But now there are concerns patients in the UK won’t get widespread access to the treatment after the US bought more than 500,000 doses. It makes up the entire global supply for July and 90 per cent of stocks for August and September. Read more Trump buys up ENTIRE stock of coronavirus drug remdesivir – sparking fury among medics https://www.thesun.co.uk/news/1199617…
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What to Consider Before Conducting Drug Tests On Your Employees

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Drug screening has now become an important tool for promoting a safe working environment. Be it absenteeism, low employee productivity, potential liabilities or healthcare costs, drug screening can help bring about a positive change within a few months. Make sure your drug screening policy meets all federal and state requirements for drug testing.

Here in this post, we’re listing out four most important considerations for administering a drug screening program:

Employee Drug Testing Consideration #1: How Often Should You Conduct Drug Tests On Your Employees?

The overall effectiveness of your drug testing policy will largely depend on how frequently you conduct drug tests on your employees. Some businesses may need to conduct drug tests more frequently than others.

  • Pre-employment drug testing: You can test a candidate, once an offer of employment has been made. In some states, businesses are legally required to make an offer of employment before a drug test is carried out on a candidate. Make sure the policy is consistent. Businesses shouldn’t be selective in drug testing certain individuals for the same position.
  • Random drug testing: Such drug tests can be conducted without any advance notice at any time of the year. Make sure the selection process is completely random. You can use a software program to generate a random set. In some states, businesses are required to engage a third-party for random selection of employees for drug testing.
  • Incident based drug testing: In case your organization employs people in safety-sensitive positions regulated by the government, you may be required to carry out post-accident testing. If the state law permits, an employee in the event of a fatality or accident should be drug tested within 24-32 hours. In some states such as in San Francisco, post-accident drug testing is illegal.
  • Regular drug testing: You may drug test employees once every month, six months or a year.

An organization may also want to have a policy of drug screening employees on the basis of reasonable suspicion.

Employee Drug Testing Consideration #2: Which Drug Testing Method Will You Adopt?

Different drug testing methods vary in cost and accuracy. Testing urine samples, for example, is cheaper in comparison to testing a hair sample.

Certain drug-testing methods may also be illegal in some states. For example, oral fluid or blood testing is illegal in many states (consider learning more about your local government laws regarding regulations and practices of workplace drug testing).

You will also need to decide on the type of substance (alcohol, cocaine, marijuana, etc.) that you want a drug test to detect. There are mutlple drug tests and some are meant to detect different illicit drugs, alcohol, tobacco, etc.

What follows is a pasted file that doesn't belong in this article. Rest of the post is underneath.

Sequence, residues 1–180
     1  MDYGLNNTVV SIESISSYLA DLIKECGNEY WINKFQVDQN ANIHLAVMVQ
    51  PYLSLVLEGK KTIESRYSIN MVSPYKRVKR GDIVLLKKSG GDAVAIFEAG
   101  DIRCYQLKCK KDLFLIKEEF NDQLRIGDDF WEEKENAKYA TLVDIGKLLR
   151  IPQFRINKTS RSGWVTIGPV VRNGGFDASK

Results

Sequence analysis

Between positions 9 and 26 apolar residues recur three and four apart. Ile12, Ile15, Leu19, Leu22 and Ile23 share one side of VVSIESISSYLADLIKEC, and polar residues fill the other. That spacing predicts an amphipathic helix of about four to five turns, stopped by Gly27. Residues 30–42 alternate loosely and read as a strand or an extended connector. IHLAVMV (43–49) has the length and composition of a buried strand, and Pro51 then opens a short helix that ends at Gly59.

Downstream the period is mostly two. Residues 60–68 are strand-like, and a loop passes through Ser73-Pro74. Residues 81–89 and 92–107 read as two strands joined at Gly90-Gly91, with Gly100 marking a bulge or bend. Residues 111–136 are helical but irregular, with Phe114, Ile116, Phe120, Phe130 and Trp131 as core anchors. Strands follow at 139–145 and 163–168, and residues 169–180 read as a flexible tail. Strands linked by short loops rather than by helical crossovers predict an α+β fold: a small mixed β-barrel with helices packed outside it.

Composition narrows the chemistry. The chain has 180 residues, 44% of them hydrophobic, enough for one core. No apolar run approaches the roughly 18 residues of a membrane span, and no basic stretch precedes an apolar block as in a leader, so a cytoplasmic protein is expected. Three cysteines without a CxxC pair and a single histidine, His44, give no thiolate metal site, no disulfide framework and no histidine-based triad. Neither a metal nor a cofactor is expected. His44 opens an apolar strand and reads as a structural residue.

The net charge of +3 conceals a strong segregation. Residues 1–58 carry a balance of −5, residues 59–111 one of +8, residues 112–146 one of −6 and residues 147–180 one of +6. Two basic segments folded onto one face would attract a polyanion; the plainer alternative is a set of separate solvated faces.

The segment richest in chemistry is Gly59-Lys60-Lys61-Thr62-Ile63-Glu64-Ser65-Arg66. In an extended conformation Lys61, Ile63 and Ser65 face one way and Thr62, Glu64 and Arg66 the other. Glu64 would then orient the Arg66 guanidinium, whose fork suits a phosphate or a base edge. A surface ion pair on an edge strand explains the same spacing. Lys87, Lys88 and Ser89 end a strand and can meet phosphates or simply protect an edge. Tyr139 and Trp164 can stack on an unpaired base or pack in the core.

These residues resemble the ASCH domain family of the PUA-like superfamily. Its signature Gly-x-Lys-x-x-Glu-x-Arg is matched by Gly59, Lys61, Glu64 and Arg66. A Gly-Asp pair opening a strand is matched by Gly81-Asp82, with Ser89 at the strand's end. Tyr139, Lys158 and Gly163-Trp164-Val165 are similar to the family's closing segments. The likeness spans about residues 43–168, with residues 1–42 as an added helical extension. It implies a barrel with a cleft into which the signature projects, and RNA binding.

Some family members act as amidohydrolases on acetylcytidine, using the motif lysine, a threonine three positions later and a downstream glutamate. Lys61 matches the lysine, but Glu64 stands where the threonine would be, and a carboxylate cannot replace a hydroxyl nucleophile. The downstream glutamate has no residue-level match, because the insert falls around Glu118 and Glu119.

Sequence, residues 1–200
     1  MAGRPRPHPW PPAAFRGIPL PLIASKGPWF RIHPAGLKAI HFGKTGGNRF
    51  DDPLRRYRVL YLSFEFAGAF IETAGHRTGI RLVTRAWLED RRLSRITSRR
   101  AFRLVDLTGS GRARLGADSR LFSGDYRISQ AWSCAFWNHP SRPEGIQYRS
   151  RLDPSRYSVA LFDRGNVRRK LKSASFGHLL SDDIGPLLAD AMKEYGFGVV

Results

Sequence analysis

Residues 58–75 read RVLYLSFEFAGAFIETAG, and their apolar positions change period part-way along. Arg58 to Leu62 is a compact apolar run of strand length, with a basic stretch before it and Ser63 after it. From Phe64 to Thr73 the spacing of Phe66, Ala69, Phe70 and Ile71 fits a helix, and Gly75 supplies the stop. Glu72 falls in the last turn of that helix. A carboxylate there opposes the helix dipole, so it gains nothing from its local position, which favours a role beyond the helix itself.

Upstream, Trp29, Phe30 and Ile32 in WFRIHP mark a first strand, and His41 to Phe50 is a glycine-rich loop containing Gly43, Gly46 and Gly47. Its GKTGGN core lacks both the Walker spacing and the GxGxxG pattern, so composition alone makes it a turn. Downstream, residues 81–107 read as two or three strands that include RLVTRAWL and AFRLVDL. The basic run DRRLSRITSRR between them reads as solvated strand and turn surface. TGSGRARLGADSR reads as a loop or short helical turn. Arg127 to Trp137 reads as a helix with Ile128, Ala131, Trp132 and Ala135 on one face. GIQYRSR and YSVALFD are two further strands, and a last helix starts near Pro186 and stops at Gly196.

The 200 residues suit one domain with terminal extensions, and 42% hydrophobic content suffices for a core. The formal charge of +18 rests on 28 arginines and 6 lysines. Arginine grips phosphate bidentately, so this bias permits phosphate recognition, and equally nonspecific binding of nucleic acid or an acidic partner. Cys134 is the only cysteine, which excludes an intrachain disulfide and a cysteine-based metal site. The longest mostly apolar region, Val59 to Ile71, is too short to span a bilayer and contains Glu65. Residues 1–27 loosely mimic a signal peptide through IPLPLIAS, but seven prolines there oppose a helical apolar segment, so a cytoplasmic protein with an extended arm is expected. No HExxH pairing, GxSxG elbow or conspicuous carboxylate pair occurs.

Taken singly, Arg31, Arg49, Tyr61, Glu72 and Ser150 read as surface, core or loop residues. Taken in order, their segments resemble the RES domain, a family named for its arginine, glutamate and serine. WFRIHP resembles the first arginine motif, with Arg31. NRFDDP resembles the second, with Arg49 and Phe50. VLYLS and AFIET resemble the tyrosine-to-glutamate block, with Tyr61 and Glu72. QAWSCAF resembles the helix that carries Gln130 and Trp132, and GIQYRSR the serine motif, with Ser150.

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While a credible drug testing kit supplier will patiently study your unique requirements and advise on the best possible drug testing methods for your organization, it is important that you understand the various options available and applicable state laws concerning drug testing.

Employee Drug Testing Consideration #3: How to Inspire Employees to Create a Drug-Free Workplace?

The fundamental objective of drug testing employees is to promote a drug-free workplace. Therefore, your HR department needs to devise strategies for making employees see drug screening in a positive light. Listed below are some useful tips:

  • Create a drug-free workplace policy; it should be easy to understand and free from any technical jargon. The policy should clearly state what’s expected from the employees. There should be no ambiguities on how a test positive employee would be dealt with or what happens in case an employee is found faking the test.
  • Conduct monthly sessions on the benefits and necessity of drug testing; the objective is to make employees understand and respect the drug testing policy of the organization.
  • Make sure your employees understand the entire drug testing process and its key objectives.
  • Allow a minimum of one month between implementation and enforcement of your company’s new drug testing policy; some states may require a longer time frame before an organization enforces drug testing policy on its employees.

Employee Drug Testing Consideration #4: What Happens When Some Employees Fail the Drug Test?

As you proceed with drug testing, some employees are likely to test positive. Your organization needs to have a clear policy on how to deal with test positive employees. While some may recommend a zero-tolerance policy and terminate employees who fail drug tests, others may devise an employee assistance program to keep valuable talent.

In some states, employers can legally fire employees who fail drug tests. In the case of ‘second-chance’ states, businesses are required to provide employee assistance programs. Typically, test positive employees who participate in such programs are offered to counsel and need to later pass the drug test.

Keep in mind that marijuana laws in the United States are continually evolving. It is advisable to have a good understanding of rules for drug testing in medical marijuana states. Make sure your company-wide drug testing policy adheres to the applicable state laws.